I am an extrovert. Give me a room full of people to meet and talk to for hours, and I’m in heaven. So why am I such a big fan of the new book, Quiet: The Power of Introverts in a World That Can’t Stop Talking (Crown, 2012) by Susan Cain?
Like many extroverts, I was surprised to learn that anywhere from one-third to one-half of the population are introverts. In other words, a lot of people we come into contact with everyday don’t thrive on endless meetings, don’t want to solve a problem by talking about it with a group for hours, don’t enjoy jumping into a conversation and just “throwing out ideas,” and don’t want to attend lunches, conferences, and dinners all the time.
These activities are like a shot of adrenaline for extroverts. But they suck the energy right out of our more introverted counterparts. That doesn’t mean extroverts are wrong and introverts are right. Cain is a big fan of extroverts, as you will see in the book.
It’s about awareness. If extroverts better understood our more introverted friends, colleagues and family members, it would make our lives better in the following ways:
Communication with others would improve. Does this scenario sound familiar? You’re in a meeting with a group of people. Everyone is sharing their thoughts and opinions freely, except for a couple of people who are quietly listening.
Chances are the extroverts in the room assume those individuals are being quiet because they don’t have anything to add. But after the meeting, you run into one of the listeners in the hall and they comment, “You know we should really consider doing x, y, z.” And you say, “What a great idea! Why didn’t you share that in the meeting?” And they respond with a hint of frustration, “It was hard to get a word in edgewise.”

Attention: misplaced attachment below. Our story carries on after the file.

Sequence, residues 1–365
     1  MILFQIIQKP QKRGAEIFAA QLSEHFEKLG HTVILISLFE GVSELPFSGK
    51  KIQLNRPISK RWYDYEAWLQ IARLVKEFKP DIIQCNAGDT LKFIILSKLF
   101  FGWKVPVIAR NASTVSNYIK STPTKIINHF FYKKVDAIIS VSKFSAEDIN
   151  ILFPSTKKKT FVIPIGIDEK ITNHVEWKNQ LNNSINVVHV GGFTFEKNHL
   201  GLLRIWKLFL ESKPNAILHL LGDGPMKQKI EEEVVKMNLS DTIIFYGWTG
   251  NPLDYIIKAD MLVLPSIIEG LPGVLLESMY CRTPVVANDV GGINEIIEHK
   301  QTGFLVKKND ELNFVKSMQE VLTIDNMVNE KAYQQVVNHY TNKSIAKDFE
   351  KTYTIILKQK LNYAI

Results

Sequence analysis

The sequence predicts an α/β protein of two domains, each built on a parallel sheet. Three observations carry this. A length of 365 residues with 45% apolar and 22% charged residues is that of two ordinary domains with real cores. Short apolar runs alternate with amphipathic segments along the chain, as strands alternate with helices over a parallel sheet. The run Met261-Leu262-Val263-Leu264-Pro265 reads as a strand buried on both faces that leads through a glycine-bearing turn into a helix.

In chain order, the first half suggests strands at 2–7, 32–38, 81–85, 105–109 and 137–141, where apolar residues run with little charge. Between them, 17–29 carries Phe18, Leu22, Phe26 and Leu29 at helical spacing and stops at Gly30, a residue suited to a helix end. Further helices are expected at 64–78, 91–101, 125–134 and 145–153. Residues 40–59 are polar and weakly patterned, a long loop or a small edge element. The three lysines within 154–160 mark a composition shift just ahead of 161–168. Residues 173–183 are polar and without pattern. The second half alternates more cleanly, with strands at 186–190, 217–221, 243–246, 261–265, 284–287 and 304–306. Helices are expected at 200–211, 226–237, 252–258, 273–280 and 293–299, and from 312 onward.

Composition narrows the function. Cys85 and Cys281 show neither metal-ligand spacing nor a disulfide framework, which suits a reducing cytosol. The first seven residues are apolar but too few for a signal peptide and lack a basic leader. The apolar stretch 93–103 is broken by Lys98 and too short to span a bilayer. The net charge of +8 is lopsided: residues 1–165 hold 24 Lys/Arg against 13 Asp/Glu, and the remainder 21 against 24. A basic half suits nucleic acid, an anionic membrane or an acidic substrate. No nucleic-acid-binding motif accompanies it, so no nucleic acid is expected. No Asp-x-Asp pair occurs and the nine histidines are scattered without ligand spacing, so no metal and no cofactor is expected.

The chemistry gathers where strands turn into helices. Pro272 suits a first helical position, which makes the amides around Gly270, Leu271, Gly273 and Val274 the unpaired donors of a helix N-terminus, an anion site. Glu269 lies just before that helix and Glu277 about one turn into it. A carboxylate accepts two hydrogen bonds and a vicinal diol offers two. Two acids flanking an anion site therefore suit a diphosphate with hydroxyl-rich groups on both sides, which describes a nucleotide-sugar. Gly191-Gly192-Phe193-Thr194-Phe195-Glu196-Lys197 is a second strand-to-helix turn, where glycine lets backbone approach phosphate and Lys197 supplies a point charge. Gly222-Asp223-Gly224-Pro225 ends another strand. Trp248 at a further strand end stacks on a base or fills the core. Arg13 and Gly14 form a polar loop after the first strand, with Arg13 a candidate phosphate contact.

Knowing that introverts tend to like to listen, gather their thoughts, and then share their insights uninterrupted, extroverts could make it a point to pause discussions periodically, and ask, “Does anyone have something to add?” And then wait a moment for a response. This would give those who are more introverted the space they need to contribute comfortably.
If we understood how each of our “types” processed and shared information, we’d communicate better with each other at work, at home, and in our communities.
We would be better parents and partners. I may be an extrovert, but I’ve always been attracted to the strong, silent type. It’s not surprising that my wonderful husband of more than 20 years is more introverted.
After a long day at work, he just needs some space; therefore, I wait to barrage him with questions and stories of my day. Or when we spend time with my extended (and more extroverted) family and he disappears after a certain point, I know he’s gone to find some quiet place to just sit and regroup. I understand why and don’t take it personally.
In terms of parenting, it was an exchange with my older daughter six years ago that first prompted me to understand the difference between the two types.